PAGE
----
Letters Patient partnership in medical conferences

Cost is a barrier to patient involvement

BMJ 2016; 355 doi: https://doi.org/10.1136/bmj.i5453 (Published 11 October 2016) Cite this as: BMJ 2016;355:i5453
  1. Heather Goodare,
  2. retired counsellor
  1. Edinburgh Health Forum, Edinburgh, UK
  1. hm.goodare{at}virgin.net

Many thanks for your Editor’s Choice, published on my 85th birthday.1 Patient participation in medical research has improved since I was invited to be the first patient representative on The BMJ editorial board, after complaining about the flawed study of women with breast cancer attending the Bristol Cancer Help Centre.2 I was one of those women, and we conducted quite a campaign, made a television programme, and wrote a book.3

I have attended many medical conferences and spoken at some. The main deterrent is cost. Even the Cochrane Collaboration, which is keen on consumer participation, has a complicated system for applying for funding to attend conferences, and if you miss the deadline you must fund yourself. Getting time off work can be another obstacle, and people may have caring responsibilities. I now live in Edinburgh, and most conferences take place in London or other parts of the world, so expense is an issue.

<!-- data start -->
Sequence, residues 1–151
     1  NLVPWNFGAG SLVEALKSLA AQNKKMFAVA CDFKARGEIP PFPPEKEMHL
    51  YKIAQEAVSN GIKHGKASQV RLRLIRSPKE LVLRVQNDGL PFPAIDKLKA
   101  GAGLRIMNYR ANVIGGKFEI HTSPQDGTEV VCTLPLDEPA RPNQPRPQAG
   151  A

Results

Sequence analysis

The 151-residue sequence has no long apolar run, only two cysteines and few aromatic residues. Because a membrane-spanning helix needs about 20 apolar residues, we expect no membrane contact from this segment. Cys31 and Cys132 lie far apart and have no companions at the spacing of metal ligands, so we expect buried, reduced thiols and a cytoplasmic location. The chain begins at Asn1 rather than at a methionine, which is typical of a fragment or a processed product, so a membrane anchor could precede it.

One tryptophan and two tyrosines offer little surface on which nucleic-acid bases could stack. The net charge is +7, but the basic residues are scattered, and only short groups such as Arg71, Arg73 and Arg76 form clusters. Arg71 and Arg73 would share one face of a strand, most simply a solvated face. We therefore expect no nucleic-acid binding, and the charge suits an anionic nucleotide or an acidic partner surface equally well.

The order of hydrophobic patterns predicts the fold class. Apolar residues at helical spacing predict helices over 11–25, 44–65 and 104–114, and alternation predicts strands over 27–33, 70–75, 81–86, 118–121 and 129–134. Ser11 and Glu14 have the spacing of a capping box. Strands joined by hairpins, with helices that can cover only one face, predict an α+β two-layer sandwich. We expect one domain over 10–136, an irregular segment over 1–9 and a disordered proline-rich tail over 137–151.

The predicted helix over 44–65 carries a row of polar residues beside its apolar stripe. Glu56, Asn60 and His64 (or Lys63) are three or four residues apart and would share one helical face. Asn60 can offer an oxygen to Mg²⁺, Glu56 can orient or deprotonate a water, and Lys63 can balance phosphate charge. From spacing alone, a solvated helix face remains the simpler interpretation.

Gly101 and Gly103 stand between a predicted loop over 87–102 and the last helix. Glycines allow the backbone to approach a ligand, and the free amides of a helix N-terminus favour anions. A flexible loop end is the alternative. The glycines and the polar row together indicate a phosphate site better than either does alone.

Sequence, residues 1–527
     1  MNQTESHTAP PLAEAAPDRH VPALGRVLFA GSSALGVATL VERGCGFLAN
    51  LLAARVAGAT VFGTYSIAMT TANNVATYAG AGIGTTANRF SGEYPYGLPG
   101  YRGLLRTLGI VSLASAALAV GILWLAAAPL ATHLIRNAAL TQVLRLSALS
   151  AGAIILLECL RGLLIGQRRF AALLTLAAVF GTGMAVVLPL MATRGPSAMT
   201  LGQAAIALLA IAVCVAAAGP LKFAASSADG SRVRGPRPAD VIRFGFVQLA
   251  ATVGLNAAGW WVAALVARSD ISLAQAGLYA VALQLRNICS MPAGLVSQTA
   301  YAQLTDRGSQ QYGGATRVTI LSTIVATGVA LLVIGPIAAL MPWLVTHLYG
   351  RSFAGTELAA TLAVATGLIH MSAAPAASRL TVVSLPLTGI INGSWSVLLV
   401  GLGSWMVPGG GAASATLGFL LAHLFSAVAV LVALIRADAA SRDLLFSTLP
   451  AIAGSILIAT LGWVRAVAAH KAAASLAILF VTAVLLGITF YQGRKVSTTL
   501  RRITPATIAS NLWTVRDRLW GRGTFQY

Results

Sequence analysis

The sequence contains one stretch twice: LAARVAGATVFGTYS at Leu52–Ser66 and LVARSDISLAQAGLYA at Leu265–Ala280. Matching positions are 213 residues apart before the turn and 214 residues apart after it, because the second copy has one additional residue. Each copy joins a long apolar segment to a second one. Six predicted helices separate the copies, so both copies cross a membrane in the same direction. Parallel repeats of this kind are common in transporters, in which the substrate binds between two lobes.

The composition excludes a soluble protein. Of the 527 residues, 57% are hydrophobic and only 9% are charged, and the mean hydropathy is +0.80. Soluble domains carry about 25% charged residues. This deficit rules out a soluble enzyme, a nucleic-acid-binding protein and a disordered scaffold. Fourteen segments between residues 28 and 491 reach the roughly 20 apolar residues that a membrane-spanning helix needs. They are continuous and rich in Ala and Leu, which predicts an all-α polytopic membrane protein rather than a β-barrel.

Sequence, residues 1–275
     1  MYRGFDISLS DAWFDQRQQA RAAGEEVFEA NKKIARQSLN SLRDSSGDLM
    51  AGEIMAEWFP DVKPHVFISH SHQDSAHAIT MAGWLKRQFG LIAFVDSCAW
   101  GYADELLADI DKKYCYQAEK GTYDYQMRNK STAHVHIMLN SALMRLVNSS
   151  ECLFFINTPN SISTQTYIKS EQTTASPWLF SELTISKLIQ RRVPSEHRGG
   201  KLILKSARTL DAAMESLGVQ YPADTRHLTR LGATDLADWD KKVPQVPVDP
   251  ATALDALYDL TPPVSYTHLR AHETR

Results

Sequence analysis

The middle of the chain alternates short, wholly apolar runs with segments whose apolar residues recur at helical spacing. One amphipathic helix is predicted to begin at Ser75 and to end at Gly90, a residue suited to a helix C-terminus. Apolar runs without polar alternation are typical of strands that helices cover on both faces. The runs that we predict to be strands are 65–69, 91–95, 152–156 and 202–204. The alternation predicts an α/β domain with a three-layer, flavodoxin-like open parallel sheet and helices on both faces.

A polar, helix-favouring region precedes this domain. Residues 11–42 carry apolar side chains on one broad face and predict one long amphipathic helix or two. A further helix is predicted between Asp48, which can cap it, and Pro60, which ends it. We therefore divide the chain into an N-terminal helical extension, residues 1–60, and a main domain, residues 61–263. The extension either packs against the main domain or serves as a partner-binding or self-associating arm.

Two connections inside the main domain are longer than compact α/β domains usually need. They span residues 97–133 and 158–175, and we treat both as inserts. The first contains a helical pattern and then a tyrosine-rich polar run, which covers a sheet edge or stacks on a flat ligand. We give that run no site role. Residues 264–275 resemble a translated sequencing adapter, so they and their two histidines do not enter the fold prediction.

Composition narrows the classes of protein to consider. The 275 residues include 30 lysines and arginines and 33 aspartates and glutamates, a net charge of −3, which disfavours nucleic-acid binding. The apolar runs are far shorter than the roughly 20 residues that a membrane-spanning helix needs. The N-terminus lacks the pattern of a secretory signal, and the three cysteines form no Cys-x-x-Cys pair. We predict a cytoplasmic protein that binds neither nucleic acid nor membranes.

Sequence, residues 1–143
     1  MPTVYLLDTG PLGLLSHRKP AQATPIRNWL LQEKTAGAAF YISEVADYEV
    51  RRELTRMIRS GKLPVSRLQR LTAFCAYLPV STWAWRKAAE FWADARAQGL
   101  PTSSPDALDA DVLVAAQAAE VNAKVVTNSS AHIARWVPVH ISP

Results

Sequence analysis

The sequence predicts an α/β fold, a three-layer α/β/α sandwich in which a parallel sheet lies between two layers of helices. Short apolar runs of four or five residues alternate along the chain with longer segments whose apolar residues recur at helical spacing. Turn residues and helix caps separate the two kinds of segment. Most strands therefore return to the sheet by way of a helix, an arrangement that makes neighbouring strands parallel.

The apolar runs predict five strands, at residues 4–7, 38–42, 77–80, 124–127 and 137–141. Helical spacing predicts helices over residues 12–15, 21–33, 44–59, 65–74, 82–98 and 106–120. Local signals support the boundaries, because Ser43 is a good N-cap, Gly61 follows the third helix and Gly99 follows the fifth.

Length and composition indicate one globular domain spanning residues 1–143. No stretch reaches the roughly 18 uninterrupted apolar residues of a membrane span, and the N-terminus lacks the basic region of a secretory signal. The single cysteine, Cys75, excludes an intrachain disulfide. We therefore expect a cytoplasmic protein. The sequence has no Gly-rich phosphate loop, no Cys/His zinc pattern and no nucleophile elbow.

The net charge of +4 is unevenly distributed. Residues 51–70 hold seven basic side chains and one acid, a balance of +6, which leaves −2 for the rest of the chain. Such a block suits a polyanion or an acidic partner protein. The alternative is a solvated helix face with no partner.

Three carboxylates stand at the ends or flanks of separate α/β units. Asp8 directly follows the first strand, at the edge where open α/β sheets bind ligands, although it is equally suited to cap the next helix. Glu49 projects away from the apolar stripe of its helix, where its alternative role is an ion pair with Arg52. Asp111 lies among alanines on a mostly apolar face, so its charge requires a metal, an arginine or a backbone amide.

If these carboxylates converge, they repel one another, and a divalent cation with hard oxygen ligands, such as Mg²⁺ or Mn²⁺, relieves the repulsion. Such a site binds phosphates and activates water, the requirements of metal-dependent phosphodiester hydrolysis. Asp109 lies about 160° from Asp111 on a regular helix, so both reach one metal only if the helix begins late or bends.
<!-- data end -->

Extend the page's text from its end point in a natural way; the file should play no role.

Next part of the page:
Some organisations are increasingly focused on the patient’s viewpoint—a shining example is Pink Ribbon, which held a conference in September at the Royal Society of Medicine on a neglected subject, “Breast cancer in the young, the pregnant, and with family history.” The first day was mainly for professionals and the second for patients, but the two interacted, and patients spoke on both days. One striking finding was that the GP referral guidelines (those of NICE4 and the corresponding Scottish ones) were out of date, as was illustrated poignantly by the testimonies of women diagnosed with breast cancer under the age of 30.

I praise the work of The BMJ’s patient panel and encourage you to do even better in future.


  • Competing interests: None declared.


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